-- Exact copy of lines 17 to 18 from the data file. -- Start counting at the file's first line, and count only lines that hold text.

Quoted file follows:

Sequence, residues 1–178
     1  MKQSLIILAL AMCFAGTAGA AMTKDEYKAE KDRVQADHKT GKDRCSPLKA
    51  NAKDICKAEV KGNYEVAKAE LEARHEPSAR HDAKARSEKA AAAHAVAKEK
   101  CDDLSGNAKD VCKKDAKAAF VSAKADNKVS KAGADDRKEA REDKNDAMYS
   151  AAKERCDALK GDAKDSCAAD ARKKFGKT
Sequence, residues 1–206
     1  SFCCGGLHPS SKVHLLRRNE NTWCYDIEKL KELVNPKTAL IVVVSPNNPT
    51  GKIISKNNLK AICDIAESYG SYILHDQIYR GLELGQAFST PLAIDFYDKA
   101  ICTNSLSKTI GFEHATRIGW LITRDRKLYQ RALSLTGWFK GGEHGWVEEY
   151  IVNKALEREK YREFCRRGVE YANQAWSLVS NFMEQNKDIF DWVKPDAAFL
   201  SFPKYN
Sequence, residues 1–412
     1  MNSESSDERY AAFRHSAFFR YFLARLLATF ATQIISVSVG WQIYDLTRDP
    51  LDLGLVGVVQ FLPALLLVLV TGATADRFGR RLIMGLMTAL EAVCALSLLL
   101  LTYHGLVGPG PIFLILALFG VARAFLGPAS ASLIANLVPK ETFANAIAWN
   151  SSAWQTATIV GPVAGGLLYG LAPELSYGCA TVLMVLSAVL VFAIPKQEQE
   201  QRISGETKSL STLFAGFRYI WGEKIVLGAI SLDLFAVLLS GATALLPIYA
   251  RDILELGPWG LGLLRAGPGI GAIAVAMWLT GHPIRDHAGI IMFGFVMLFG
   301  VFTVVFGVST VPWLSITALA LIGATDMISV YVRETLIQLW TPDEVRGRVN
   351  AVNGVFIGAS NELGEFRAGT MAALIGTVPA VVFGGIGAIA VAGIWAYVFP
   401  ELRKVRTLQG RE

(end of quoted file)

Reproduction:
   201  QRISGETKSL STLFAGFRYI WGEKIVLGAI SLDLFAVLLS GATALLPIYA
   251  RDILELGPWG LGLLRAGPGI GAIAVAMWLT GHPIRDHAGI IMFGFVMLFG